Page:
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From Chris Hart
I have elected to resign from Standard Bank in the wake of an unfortunate social media event at the start of the year. Although I have not been found guilty of any wrongdoing after extensive consultation, it is my preference to pursue alternative opportunities.
One of these opportunities includes the establishment of an impact investment fund aimed at job creation, while at the same time providing enhanced returns at lower risk for investors.
Another opportunity is in consulting and speaking where some of the challenges facing the South African economy and business community can be fully studied and analysed. I remain convinced that South Africa remains a high potential country if its socio-economic challenges are successfully addressed through appropriate public policy.
In addition, I hope to work with CPG and their South Africa Day project, which is aimed at nation building through grassroots community building and upliftment.
I strongly believe that a key cause of socio-economic problems is massive unemployment, and that job creation should be at the pinnacle of policy formulation.
South Africa’s challenges are not insurmountable as long as our Constitution remains intact with the rights and freedoms embodied in it for the protection and benefit of all South Africans.
I deeply regret any offence or harm I may have caused in any comment I made on social media. My intention was never to do so. My thanks to those who know me well and who supported me throughout.
Standard Bank Economist Hart Quits After Twitter Suspension
Chris Hart, an investment strategist at Standard Bank Group Ltd., resigned after his suspension in January following comments on Twitter.
Hart said the victims of apartheid are “increasing along with a sense of entitlement and hatred towards minorities.” The statement caused a backlash on Twitter from people calling him a racist and urging clients of Johannesburg-based Standard Bank to boycott the lender. Standard Bank announced his resignation in an e-mailed statement on Monday without commenting further.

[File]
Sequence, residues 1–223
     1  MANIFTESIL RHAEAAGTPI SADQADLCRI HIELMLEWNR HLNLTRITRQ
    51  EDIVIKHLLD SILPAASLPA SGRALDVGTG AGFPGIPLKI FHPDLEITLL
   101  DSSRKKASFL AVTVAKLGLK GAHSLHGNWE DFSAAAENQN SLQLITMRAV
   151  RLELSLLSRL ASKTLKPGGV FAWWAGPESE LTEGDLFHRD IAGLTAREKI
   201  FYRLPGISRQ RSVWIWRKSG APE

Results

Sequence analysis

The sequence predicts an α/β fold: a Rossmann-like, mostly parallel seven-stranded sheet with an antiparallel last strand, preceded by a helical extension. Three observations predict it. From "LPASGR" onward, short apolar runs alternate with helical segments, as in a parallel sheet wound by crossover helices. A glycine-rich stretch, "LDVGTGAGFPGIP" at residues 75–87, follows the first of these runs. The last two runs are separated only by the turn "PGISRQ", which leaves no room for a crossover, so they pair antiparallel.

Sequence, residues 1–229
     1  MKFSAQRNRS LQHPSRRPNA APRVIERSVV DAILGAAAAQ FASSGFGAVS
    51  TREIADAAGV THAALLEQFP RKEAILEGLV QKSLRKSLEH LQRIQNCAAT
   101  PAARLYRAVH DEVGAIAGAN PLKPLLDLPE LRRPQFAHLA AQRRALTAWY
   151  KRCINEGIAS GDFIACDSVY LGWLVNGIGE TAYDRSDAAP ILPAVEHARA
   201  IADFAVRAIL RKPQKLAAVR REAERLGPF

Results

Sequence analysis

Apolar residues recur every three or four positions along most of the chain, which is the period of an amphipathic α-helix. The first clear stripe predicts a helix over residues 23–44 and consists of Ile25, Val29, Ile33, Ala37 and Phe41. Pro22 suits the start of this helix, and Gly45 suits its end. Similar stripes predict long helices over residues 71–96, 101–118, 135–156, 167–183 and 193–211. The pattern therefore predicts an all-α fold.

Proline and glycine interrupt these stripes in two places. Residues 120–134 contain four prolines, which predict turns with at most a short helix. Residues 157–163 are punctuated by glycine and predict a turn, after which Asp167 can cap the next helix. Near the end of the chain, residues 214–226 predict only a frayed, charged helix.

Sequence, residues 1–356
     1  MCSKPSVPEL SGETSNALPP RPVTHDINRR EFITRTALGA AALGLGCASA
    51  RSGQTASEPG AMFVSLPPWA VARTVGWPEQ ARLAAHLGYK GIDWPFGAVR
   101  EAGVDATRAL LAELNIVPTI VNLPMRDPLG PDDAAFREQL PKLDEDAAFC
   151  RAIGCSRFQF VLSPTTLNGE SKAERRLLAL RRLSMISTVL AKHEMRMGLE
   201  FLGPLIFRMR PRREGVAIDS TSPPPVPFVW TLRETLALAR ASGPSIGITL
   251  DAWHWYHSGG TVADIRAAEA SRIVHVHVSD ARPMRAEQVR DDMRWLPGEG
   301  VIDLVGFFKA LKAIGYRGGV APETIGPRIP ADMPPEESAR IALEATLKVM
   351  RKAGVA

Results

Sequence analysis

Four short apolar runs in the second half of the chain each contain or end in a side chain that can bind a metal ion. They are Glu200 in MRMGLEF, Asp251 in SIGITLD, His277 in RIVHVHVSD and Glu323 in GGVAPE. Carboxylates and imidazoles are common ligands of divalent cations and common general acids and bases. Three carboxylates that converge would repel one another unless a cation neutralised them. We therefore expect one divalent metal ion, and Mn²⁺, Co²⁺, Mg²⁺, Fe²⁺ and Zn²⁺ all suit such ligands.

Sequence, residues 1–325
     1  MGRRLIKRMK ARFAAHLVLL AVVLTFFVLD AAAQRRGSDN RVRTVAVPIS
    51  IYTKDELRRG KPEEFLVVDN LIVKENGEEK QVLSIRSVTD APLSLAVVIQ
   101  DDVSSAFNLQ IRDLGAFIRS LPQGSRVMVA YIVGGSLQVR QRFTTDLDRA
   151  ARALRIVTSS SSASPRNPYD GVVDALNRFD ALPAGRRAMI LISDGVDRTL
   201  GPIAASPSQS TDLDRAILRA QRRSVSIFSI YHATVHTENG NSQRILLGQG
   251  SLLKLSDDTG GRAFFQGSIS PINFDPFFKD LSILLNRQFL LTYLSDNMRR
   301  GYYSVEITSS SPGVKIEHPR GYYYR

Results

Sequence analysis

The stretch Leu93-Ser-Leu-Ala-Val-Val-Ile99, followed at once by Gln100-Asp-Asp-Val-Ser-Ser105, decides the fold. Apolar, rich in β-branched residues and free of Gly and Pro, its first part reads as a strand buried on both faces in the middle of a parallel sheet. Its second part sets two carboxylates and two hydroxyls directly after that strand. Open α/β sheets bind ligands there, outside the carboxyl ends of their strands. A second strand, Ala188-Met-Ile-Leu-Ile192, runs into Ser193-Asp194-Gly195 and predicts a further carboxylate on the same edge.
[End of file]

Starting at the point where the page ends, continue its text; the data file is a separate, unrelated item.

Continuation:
Hart later apologized in a Twitter post, saying that he didn’t intend to cause offense and that his comments were meant to be read in the context of a slowing economy. The strategist’s comments were “factually incorrect, make inappropriate assumptions about South Africa and have racist undertones” Standard Bank said at the time.
“I voluntarily resigned,” Hart said in an e-mailed statement on Tuesday. “Although I have not been found guilty of any wrongdoing, after extensive consultation, it is my preference to pursue alternative opportunities.”
A week after Hart’s suspension in January Sim Tshabalala, Standard Bank’s joint chief executive officer, sent a message to staff and said persistent racial inequality and racism were a risk to South Africa’s stability and its economic growth.
While South Africa’s black middle class has grown since the end of apartheid in 1994, black people on average still earn six times less than their white counterparts, according to the statistics agency. Government policies to promote black people in Africa’s second-biggest economy have mostly helped a small group join the elite in one of the world’s most unequal countries.
Opportunities Hart may pursue include the establishment of an investment fund aimed at job creation, consulting and speaking engagements, as well as working with the lobby group Citizens in Partnership with Government, of which he is a founding member, he said.
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